Agenda item

Safer Brent Partnership

This paper provides information to the committee on three community safety issues and presentations will be provided by individuals indicated:

·         An update on the Safer Brent Partnership - Sue Harper, Director of Environment & Neighbourhoods and David Murray, Policy and Partnership Advisor

·         An update on work by the Council and its partners on ending serious youth violence and gangs - David Murray, Policy and Partnership Advisor and Kiran Vagarwal, ASB Team Manager

·         Crime and disorder statistics - Nick Davies, Brent Police Superintendent

 

Minutes:

An update on the Safer Brent Partnership –

 

David Murray (Interim Policy and Partnership Adviser) provided the Committee with an update on the report. He informed members that the Crime Prevention Strategy group had met in June to discuss the future of the group and its relationship with its partners. They had established the Safer Brent Partnership and they agreed a new vision for Brent ‘A strong, safe and just Brent where individuals and communities are safe from harm.’ They also developed five key strategic priorities to drive forward the new vision. These priorities were based on a needs assessment, various surveys and feedback from ward working and they attempted to capture what mattered most to people in Brent. Underpinning the Partnership board were action groups who would be responsible for delivering each of the priorities. The leaders of the action groups would meet once a month to ensure the work was delivering against the key priorities. David Murray concluded by stating that the next Safer Brent Partnership Board meeting would be chaired by the interim Chief Executive and they would discuss what the next steps would be.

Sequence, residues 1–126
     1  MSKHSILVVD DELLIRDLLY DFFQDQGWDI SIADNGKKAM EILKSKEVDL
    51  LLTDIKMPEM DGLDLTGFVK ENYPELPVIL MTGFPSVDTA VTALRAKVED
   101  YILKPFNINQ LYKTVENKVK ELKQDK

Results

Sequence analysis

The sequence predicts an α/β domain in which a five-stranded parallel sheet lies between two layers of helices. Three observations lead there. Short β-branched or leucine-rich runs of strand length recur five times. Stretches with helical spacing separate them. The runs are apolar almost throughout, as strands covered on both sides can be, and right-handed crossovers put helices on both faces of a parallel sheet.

The Committee welcomed the new vision for Brent and the key priorities that had been identified and they enquired who would be responsible for ensuring that the vision and strategies were developed. They also wanted to know who the Safer Brent Partnership would report to.  The committee were also keen to know how the public had fed into developing the new priorities and how they would continue to be engaged. The members questioned how Smart Water would be used within the Borough, given the current financial hardship the Council faced. A member praised the officers for creating a new structure, however, it was unclear exactly what that structure was and therefore the members asked for a detailed chart of how the community could engage with the process and raise issues. The committee were happy to see that crime was actually falling in the borough but questioned the officers as to why they thought that the public’s perception was contrary to this.  The chair concluded the questioning by asking why there was currently waste in safeguarding children and how this would be changed in the future.